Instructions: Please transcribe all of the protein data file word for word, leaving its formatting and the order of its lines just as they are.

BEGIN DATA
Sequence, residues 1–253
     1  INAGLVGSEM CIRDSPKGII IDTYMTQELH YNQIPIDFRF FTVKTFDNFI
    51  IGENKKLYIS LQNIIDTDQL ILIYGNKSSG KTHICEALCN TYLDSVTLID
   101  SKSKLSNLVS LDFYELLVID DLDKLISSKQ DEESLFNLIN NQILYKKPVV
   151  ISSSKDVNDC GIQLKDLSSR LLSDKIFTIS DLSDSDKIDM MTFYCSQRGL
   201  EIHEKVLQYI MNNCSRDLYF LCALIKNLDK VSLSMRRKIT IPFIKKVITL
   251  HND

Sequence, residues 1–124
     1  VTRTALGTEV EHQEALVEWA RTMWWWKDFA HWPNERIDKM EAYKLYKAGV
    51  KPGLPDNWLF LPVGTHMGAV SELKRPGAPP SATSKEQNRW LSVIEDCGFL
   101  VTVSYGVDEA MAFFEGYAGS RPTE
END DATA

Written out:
Sequence, residues 1–253
     1  INAGLVGSEM CIRDSPKGII IDTYMTQELH YNQIPIDFRF FTVKTFDNFI
    51  IGENKKLYIS LQNIIDTDQL ILIYGNKSSG KTHICEALCN TYLDSVTLID
   101  SKSKLSNLVS LDFYELLVID DLDKLISSKQ DEESLFNLIN NQILYKKPVV
   151  ISSSKDVNDC GIQLKDLSSR LLSDKIFTIS DLSDSDKIDM MTFYCSQRGL
   201  EIHEKVLQYI MNNCSRDLYF LCALIKNLDK VSLSMRRKIT IPFIKKVITL
   251  HND

Sequence, residues 1–124
     1  VTRTALGTEV EHQEALVEWA RTMWWWKDFA HWPNERIDKM EAYKLYKAGV
    51  KPGLPDNWLF LPVGTHMGAV SELKRPGAPP SATSKEQNRW LSVIEDCGFL
   101  VTVSYGVDEA MAFFEGYAGS RPTE